Cadbury Dairy Milk has launched of the Glass & A Half Project Presents: There’s a Story in Everyone – an initiative which aims to inspire these children through the power of storytelling.
Award-winning South African stars, singer and songwriter, Shekhinah, and hip-hop artist and TV presenter, ProVerb, to have shared their inspirational stories with orphaned and vulnerable children across South Africa.
For these children, the impact of the past few months is greater than we can imagine. They have less contact with volunteers and limited resources – now more than ever orphaned and vulnerable children need us to add more love, hope and inspiration into their lives. Stories inspire, they encourage, they create connections and they enable children to dream.
Cadbury Dairy Milk’s storytelling traditions
Lebohang Masango, anthropologist, poet and award-winning author of Mpumi’s Magic Beads, believes Africa’s storytelling tradition is particularly unique because, through stories we have the ability to pass down lessons and important information about one’s heritage. ‘’It’s a beautiful way to connect the present generation to the generations that came before. It also binds us to indigenous forms of knowledge. It’s a wonderful representation of who we are, in our differences and similarities. When you hear a story from a person you’ve never met, you get to inhabit a piece of them.”
How storytelling shapes children
Legendary storyteller, activist, actress, poet, playwright, author and director, Gcina Mhlophe says, “Stories can get children excited about the fact that we’re all different but we each have something special to bring to the table. My story Horns Only is about two unlikely friends, a zebra and a monkey who went everywhere together until there is a party and the rhino says that only animals with horns can come. Stories like that raise so much discussion amongst children; often they say, ‘I don’t fit in because I don’t have a father’, or because ‘I don’t have money’. There are so many things that make us feel like we do not fit in.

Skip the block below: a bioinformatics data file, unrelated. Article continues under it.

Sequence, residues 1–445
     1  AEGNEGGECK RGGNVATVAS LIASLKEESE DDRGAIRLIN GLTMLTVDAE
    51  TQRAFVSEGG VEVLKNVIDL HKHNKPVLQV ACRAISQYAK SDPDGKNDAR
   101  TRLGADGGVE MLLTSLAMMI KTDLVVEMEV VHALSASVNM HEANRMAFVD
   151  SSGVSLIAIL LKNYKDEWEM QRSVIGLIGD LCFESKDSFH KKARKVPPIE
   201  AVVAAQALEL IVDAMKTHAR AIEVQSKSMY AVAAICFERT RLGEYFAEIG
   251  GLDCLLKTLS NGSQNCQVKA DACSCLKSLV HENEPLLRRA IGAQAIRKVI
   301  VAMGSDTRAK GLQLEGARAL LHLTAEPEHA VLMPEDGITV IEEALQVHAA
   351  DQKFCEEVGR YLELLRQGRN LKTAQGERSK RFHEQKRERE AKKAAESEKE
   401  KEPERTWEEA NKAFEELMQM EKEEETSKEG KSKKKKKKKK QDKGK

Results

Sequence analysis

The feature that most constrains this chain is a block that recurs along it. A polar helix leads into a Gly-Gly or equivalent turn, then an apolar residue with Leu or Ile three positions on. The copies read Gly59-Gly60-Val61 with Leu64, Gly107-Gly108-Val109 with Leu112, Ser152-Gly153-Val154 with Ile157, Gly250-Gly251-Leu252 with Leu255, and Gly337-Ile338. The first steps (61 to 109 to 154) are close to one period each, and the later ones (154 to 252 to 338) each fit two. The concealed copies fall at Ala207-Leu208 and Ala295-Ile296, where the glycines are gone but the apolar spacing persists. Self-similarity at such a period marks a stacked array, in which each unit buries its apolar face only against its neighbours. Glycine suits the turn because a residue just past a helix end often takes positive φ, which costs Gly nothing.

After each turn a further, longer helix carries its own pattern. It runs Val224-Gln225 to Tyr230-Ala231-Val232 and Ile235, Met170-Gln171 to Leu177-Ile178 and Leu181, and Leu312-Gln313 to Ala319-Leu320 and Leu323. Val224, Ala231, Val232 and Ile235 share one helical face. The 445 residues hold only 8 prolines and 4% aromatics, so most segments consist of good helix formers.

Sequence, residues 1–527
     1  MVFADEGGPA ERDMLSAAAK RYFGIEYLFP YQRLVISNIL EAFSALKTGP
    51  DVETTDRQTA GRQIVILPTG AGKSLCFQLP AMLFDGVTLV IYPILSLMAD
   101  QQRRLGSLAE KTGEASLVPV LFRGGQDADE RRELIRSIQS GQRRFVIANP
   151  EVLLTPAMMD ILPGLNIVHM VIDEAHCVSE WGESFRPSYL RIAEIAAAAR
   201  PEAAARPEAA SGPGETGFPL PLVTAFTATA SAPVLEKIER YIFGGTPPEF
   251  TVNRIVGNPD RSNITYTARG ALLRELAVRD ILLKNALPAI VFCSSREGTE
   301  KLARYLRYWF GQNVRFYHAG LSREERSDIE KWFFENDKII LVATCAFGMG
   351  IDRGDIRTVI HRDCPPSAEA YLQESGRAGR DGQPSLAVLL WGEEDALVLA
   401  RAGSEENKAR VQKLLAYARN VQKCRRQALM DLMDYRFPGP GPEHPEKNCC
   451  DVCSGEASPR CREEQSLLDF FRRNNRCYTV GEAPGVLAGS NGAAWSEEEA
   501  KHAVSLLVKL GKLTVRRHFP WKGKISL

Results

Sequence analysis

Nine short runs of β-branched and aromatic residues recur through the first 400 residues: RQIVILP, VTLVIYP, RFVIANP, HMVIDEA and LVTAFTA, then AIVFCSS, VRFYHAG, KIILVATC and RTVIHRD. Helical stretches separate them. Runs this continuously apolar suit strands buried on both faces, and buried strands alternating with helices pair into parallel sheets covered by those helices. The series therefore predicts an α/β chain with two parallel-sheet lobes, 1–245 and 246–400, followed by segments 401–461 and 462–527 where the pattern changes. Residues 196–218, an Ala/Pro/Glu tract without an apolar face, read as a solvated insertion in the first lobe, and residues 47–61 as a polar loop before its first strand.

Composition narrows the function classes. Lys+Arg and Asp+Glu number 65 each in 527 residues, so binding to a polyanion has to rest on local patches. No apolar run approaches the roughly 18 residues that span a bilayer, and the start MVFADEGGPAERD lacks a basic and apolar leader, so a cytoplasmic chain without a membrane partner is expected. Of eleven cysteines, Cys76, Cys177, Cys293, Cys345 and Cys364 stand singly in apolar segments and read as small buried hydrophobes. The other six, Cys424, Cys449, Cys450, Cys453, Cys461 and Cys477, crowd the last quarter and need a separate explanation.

‘’Stories have different ways of awakening our soul, of making us look at ourselves, of helping us feel like we belong. Stories written, told or made up; they are always our companions.”
Sharing your story
For some South Africans, sharing a story, whether fictional or factual, might feel daunting. We make ourselves vulnerable when we share a creative piece of ourselves, however Lebohang has some advice for conquering that ‘fear’. “A person’s ability to tell their own unique story is important. We get over fear by sharing a small memory from our own lives. Tap into your childhood experiences. When you tell a story about something you know, you already have the answers and feel confident.’’
Gcina adds, “You don’t have to tell a story with many intricate twists and turns. Keep it short with a few details. Then you are inviting a child to visit your world at their age. When I lived in my mother’s village in the Eastern Cape there was a dry riverbed and when we had heavy rain a serious waterfall formed. I’d run out and stand behind the waterfall, shout, sing, jump up and down and make a noise. It is a wonderful memory that reminds me of a joyful time. You can share memories like that. The more you share, the easier it gets.”
“When a person shares a story with kids, you can connect heart to heart through storytelling, through these invisible threads. They don’t know you, but you bring a beautiful story and that is the magic. I tell stories that I love and I hope my joy and enthusiasm will be infectious.”
We are calling on all South Africans to do the same in the hope of encouraging and inspiring these children to dream big and imagine a world of possibilities far beyond their reality. The most inspiring and appropriate stories will be collated into an e-book and shared with the orphaned and vulnerable children which we hope will inspire them to dream big.
Sharing your story is so easy, simply chat to the bot on whatsapp on 0872406488 and submit your story.